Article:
Egypt's resorts are open but empty following the nation's civil strife, writes Stuart Forster.
Despite the civil unrest and the ousting of the Egyptian president, Hosni Mubarak, hoteliers in Egypt's Red Sea resorts say they are open for business.
''I believe very much that the situation is not going to last for long,'' the chairman of the Savoy Group, Emad Aziz, says. ''Here in Sharm we are on a different continent; we're not in Africa. We are 550 kilometres from Cairo and the only connection is one tunnel under the Suez Canal. You could be in a different country.
''Everybody here is here for the tourism. Tourism is our livelihood. If there is no tourism there is no life.''
Hotel occupancy rates in the coastal city of Sharm el-Sheikh, on the Sinai Peninsula, have dropped below 20 per cent.
The demonstrations on Tahrir Square in Cairo and unrest in several of Egypt's major cities have prompted many tourists and tour operators to cancel bookings. The Department of Foreign Affairs and Trade recommends that Australians ''reconsider your need to travel to Egypt because of the unsettled security situation and the high risk of terrorist attack''.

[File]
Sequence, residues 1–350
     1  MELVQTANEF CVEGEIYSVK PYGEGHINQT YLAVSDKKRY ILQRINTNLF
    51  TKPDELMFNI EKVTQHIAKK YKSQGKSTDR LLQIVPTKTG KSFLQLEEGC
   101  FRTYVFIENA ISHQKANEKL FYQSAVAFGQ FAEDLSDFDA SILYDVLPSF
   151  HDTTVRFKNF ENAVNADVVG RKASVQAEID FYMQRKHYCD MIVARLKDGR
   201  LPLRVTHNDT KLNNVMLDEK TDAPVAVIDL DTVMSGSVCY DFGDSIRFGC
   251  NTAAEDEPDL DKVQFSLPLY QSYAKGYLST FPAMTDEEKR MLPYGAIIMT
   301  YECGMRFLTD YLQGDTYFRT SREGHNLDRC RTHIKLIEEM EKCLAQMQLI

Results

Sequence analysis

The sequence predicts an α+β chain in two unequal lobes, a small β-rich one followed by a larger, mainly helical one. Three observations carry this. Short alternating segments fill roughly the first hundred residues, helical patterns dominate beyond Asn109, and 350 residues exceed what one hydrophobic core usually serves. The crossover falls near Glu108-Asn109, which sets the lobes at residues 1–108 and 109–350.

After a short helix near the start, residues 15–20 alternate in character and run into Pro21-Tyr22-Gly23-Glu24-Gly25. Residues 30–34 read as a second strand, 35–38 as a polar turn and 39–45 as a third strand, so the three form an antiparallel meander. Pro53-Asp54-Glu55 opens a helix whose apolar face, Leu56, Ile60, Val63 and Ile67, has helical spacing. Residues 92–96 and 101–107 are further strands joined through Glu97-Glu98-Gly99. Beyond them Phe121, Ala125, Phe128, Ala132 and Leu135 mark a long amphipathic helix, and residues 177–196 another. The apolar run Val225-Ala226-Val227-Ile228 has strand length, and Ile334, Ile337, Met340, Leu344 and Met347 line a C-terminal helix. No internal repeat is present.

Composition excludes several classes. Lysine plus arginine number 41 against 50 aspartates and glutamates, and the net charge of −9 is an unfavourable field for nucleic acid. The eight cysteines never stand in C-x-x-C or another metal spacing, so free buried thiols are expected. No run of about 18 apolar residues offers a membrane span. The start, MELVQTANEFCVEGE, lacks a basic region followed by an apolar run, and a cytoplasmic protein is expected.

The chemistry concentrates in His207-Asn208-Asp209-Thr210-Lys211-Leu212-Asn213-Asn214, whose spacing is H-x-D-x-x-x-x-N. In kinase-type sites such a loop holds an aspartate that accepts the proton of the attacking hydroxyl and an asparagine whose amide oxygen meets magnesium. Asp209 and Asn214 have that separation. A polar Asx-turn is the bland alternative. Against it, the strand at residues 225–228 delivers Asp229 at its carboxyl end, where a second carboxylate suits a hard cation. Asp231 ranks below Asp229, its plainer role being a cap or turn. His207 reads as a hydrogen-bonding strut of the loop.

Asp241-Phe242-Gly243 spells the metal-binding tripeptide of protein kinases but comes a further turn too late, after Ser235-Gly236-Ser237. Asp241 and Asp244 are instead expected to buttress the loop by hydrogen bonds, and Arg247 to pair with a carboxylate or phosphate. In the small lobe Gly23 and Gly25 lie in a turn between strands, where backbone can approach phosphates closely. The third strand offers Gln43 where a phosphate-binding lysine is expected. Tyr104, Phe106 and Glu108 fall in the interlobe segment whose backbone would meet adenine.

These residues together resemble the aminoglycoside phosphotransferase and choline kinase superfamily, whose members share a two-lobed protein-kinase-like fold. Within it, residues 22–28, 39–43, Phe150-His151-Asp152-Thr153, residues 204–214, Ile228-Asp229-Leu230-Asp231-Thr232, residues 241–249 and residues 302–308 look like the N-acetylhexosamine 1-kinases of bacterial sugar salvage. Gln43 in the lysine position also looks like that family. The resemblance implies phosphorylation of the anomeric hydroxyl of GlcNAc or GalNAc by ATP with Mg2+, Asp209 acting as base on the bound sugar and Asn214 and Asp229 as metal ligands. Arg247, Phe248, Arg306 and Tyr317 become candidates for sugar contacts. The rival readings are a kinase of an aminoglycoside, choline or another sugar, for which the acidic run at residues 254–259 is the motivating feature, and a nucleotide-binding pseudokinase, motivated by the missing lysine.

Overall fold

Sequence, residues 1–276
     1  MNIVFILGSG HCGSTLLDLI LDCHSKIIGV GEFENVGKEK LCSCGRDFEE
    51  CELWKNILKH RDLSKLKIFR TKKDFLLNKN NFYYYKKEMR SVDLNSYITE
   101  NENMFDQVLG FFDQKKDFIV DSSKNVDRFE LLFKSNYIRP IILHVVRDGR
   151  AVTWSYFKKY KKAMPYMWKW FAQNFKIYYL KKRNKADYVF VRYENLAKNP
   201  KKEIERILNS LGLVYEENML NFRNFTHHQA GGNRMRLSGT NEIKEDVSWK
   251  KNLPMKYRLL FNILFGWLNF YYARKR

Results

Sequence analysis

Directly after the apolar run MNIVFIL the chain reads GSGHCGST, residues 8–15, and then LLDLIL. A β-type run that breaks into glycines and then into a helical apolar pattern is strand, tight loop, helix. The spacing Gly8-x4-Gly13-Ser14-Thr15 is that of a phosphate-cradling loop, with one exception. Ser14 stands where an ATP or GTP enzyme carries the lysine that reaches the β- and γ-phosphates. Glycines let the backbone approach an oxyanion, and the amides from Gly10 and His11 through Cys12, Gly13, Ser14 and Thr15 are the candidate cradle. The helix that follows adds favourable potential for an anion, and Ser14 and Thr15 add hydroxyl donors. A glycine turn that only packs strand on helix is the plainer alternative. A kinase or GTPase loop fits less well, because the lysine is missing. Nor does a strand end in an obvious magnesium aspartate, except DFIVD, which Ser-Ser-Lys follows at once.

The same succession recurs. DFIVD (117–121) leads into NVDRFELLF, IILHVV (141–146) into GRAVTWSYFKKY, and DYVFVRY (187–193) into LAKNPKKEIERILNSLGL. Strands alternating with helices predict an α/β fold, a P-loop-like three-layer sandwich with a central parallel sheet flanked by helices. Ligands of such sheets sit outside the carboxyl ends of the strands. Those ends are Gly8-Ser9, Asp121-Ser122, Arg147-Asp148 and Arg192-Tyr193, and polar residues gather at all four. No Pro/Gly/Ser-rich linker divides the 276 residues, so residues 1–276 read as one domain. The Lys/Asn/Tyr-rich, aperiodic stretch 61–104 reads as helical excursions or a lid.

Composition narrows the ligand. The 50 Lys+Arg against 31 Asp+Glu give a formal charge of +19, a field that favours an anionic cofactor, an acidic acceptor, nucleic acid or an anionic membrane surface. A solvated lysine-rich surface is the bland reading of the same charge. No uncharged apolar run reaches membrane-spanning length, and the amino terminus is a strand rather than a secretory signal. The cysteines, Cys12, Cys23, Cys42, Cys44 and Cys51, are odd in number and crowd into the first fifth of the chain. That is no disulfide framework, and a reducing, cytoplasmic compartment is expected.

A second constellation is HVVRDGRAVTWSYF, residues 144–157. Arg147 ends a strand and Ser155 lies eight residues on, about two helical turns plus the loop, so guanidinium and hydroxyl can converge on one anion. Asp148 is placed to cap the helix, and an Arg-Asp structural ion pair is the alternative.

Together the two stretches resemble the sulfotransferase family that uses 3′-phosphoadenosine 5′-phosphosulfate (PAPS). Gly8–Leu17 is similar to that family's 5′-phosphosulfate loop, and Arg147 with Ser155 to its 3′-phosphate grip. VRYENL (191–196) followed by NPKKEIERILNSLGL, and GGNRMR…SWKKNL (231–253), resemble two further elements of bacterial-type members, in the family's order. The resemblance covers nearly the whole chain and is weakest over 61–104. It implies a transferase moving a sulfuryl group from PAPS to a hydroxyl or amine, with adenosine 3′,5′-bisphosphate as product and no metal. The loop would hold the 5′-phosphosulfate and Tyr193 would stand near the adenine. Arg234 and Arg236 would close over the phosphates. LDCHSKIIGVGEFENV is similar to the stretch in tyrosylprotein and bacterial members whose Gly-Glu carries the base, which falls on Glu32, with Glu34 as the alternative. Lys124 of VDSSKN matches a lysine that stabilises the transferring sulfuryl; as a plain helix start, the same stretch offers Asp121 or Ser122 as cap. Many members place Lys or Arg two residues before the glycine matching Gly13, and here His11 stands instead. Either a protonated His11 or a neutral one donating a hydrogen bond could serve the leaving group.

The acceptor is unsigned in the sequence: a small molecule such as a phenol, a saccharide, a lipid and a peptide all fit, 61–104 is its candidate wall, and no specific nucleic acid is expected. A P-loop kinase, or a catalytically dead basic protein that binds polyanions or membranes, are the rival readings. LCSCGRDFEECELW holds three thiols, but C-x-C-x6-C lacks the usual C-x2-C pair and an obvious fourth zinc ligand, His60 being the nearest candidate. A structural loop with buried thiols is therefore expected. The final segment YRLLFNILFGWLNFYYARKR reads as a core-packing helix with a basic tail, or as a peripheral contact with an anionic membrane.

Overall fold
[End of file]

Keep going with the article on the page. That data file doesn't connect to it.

Tourists visiting Sharm el-Sheikh and other Red Sea destinations have experienced little in the way of disruptions, apart from the temporary closure of banks and ATMs, which reopened on February 7.
The midnight to 6am curfew, which is being applied elsewhere in Egypt, does not apply at Red Sea resorts.
However, travel inland to St Catherine's Monastery and desert areas of South Sinai is dependent on the security situation and cancellations are possible.
''Red Sea areas are safe and secure,'' Hamada Abou El-Enin, the chairman and chief executive officer of the Hilton's Sharm Dreams Resort and Spa, says. ''This is a storm and we have to wait.''
Early estimates suggest the unrest has cost Egypt's tourism industry $US1.1 billion since January 25. The resorts along the Red Sea comprise 40 per cent of that industry.
The assistant secretary general of the governorate of South Sinai, General Ahmed Saleh Al Edkawy, is involved in talks with stakeholders in the region's tourism industry.
''The tourism industry may face some disturbances but it will never die,'' he says.
''We will get back to where we were. Sharm el-Sheikh is a big resort and not a city; the changes will be limited.''
Yet hotel and resort owners are already looking to cut costs and staff are being sent on leave.
''My main concern is the labour here,'' Al Edkawy says. ''I don't want to lose them … [staff] have experience and know how to deal with tourists.''
The hoteliers are considering the possibility of promoting Sharm el-Sheikh as a destination distinct from Egypt.